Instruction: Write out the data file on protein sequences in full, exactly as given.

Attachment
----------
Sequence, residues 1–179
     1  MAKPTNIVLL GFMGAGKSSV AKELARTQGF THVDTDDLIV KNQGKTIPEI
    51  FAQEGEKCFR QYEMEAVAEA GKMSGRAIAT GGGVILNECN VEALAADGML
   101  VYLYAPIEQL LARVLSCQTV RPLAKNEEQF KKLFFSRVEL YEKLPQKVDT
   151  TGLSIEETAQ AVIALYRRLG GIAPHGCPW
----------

Sequence, residues 1–179
     1  MAKPTNIVLL GFMGAGKSSV AKELARTQGF THVDTDDLIV KNQGKTIPEI
    51  FAQEGEKCFR QYEMEAVAEA GKMSGRAIAT GGGVILNECN VEALAADGML
   101  VYLYAPIEQL LARVLSCQTV RPLAKNEEQF KKLFFSRVEL YEKLPQKVDT
   151  TGLSIEETAQ AVIALYRRLG GIAPHGCPW